A year later, a comment of the chief of agriculture department in the Ministry of Agriculture and Commerce (Mr. Hitoshi Douke) also appeared in a newspaper Tokyo Asahi Shinbun on November 27, 1913. In the article, Douke said, “We have compared biochar fertilizer with conventional fertilizer for 4 years at several stations, including Nishigahara (Figure 5). But we could not find such a big effect as has been reported by some advocators.” He continued, “Growing crops with biochar fertilizer requires labor several times more than that with conventional fertilizer. It is premature to say that biochar fertilizer is excellent only from the data of the crop yield.”

In April 1915, two years after the death of Oyaizu, Daikuhara gave a lecture on soil and fertilizer at Kanagawa Agricultural Experiment Station [33]. In reference to biochar fertilizer, he said, “Biochar fertilizer has been promoted in the past few years. But it should be kept in mind that similar fertilizer had been produced for a long time before it attracted public attention.” He introduced several examples of traditional biochar fertilizers in Japan and continued, “Biochar fertilizer is only charred organic matter. It does not have any special function. If I need to say more, biochar fertilizer will improve soil physical properties to some extent. Potassium and phosphorus in the ingredients will be solubilized during the process of production. Some of the nitrogen in biochar fertilizer will be available to crops, but the nitrogen supplied from biochar fertilizer should be ascribed to human waste added to the charred materials.”

In the lecture, he noted that the contents of nitrogen, phosphate and potassium in biochar fertilizer were 0.6–0.7%, 0.3% and 0.6%, respectively. He also presented results from a pot experiment in which barley was grown as a test plant. He suggested that decomposable organic matter such as rice straw should be used for the production of compost, whereas slowly decomposable organic matter such as fallen leaves might be more suitable in production of biochar fertilizer. The lecture ended with the following statement, “Furthermore, if we continue to apply a fertilizer with low organic matter content, it is apparent that soil organic matter will decrease gradually and soil fertility will be depleted.” He emphasized that about half of the organic matter was lost during the production of biochar fertilizer.

Daikuhara’s view of biochar fertilizer had become slightly more positive over time. Inoue stated [30], “In past years, a certain doctor visited Chiba Prefecture. He was surprised very much to see the vigorous growth of crops to which biochar fertilizer had been applied.” Again, “a certain doctor” referred to Daikuhara. In February 20, 1908, Daikuhara visited Mr. Yajima Chiba together with Mr. Tadaharu Kato, who was a principal of Mobara Agricultural School. Chiba explained how to grow mugi (a general Japanese term including wheat and barley) with biochar fertilizer [34].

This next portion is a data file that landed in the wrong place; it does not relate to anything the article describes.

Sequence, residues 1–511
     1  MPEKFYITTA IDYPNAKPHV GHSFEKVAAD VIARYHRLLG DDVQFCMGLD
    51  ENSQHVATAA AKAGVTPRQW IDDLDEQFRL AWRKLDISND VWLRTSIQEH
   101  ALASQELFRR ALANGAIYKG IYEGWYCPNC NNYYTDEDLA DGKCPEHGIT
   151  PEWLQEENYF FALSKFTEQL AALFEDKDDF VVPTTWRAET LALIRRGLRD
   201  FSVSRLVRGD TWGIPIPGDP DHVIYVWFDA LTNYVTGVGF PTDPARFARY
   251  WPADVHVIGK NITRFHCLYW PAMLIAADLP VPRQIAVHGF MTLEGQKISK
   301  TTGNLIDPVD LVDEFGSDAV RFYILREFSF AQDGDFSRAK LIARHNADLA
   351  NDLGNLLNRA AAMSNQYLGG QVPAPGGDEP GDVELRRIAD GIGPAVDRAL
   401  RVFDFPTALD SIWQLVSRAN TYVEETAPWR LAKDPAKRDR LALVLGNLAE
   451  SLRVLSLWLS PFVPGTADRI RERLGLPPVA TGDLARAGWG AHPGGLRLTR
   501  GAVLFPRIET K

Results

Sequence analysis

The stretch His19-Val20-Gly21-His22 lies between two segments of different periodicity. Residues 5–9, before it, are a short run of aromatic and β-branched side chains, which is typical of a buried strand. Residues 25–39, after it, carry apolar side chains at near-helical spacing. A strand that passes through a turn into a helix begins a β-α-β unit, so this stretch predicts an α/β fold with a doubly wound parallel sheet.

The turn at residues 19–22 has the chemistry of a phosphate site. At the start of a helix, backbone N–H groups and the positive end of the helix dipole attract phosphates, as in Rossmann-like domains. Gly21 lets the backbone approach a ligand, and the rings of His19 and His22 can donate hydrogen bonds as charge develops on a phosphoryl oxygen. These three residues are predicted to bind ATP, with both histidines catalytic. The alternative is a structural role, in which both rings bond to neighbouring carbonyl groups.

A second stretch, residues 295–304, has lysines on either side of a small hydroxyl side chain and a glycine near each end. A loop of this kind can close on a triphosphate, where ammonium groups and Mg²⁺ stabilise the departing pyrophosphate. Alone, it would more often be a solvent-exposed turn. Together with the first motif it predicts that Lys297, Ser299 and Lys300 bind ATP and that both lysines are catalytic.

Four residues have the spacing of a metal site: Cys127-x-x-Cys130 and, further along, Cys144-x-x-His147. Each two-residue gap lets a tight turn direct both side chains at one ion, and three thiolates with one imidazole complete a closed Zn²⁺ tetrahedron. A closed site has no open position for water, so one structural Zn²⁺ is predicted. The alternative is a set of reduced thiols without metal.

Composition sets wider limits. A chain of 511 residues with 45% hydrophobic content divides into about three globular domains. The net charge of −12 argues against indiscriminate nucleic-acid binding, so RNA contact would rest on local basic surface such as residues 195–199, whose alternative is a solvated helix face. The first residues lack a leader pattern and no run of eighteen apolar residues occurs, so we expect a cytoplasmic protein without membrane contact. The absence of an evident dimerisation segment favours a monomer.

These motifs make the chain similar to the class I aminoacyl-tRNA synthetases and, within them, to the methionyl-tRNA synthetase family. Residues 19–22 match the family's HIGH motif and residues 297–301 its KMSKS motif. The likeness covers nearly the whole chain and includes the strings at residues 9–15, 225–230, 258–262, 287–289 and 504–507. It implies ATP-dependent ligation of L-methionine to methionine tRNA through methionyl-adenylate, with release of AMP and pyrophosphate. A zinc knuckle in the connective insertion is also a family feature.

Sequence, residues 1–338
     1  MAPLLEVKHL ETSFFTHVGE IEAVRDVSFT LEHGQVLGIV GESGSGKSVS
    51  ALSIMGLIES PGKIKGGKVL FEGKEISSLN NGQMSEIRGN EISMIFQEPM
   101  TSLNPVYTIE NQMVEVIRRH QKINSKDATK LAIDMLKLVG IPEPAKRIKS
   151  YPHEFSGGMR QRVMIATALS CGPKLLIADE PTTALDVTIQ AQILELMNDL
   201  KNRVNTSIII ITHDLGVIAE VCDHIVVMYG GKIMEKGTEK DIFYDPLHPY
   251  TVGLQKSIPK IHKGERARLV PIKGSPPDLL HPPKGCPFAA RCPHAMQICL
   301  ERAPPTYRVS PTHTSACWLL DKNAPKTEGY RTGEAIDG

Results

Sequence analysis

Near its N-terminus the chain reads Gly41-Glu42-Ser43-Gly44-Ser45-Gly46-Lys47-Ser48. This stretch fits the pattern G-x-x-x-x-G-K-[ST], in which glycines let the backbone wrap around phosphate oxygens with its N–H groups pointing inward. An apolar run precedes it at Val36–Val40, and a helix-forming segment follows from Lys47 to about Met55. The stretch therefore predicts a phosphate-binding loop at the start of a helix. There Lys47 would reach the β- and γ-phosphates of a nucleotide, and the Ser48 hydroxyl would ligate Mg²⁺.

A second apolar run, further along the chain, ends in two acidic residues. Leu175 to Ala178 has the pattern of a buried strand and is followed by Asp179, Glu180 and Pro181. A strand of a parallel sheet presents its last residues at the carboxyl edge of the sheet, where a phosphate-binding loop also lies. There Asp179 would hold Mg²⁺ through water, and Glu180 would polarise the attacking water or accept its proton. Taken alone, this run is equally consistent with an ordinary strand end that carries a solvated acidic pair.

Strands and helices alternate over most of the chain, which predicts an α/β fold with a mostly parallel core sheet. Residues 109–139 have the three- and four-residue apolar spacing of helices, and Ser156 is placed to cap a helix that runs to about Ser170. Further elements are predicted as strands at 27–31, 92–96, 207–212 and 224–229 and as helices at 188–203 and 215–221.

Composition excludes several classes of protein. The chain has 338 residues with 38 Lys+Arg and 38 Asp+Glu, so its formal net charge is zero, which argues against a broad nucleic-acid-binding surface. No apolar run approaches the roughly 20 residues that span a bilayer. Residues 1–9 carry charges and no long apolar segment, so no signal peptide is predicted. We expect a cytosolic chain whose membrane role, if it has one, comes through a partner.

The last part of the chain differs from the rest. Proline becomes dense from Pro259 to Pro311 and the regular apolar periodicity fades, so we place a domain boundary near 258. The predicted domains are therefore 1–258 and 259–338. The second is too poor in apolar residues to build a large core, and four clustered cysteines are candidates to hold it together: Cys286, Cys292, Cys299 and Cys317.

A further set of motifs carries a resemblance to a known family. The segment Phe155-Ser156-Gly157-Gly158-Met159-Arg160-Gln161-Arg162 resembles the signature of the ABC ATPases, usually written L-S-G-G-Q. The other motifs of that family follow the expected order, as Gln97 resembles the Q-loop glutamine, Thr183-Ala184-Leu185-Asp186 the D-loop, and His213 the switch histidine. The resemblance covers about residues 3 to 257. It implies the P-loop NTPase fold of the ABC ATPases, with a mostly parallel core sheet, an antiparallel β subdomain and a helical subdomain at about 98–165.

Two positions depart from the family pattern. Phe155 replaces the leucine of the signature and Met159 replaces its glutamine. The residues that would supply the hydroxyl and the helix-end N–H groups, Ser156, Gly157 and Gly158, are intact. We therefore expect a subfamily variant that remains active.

Did Daikuhara pay attention to the rate of decomposition of biochar or compost after their application to soil? Now it is well known that biochar is stable in the environment and decomposes very slowly in soil. In the first volume of his textbook entitled, Dojyogaku Kougi (Lectures on the Science of Soils) [8], he cited his own results [24]. He wrote, “There is no doubt that the heating treatment not only affects soil microbes but also accelerates the breakdown of soil components”. To support this, he referred to partial sterilization, a phenomenon discovered around 1900. Daikuhara paid attention to works by Sir Edward John Russell and his colleagues in the United Kingdom. Darbishire and Russell [35] demonstrated that partial sterilization of soil by heating to 100°C leads to a marked increase in the amount of oxygen absorbed by microorganisms of the soil. Absorption of oxygen by microbes and the release of carbon dioxide from soil are essentially two sides of the same coin. It follows that Daikuhara knew about the microbial decomposition of organic matter when he made his lecture on biochar fertilizer in 1915. But it is unlikely that he was aware of the very slow decomposition of biochar in soil.

In the second volume of his textbook [9], Daikuhara stressed the importance of the maintenance and improvement of soil fertility. At that time, the three fertilizer elements (nitrogen, phosphorus and potassium) were known to the public, and the effects of chemical fertilizer were exaggerated. Daikuhara criticized the crowd of “three-element admirers,” possibly in a similar frame of mind that Oyaizu had toward Daikuhara. He wrote that soil fertility is controlled by various factors, including chemical factors such as the contents of nutrients and organic matter, and also physical factors such as aggregate structure, soil depth and moisture content. He emphasized that application of three elements in the form of chemical fertilizer was not the only solution and that application of organic matter and lime to soil is indispensable, considering the climate, soil type and farm management in Japan. His thoughts had become more holistic. This may have been related to his extensive research activities, especially on the denitrification after application of sodium nitrate to paddy soil [36] and on the acidification of soil after application of potassium salt [5].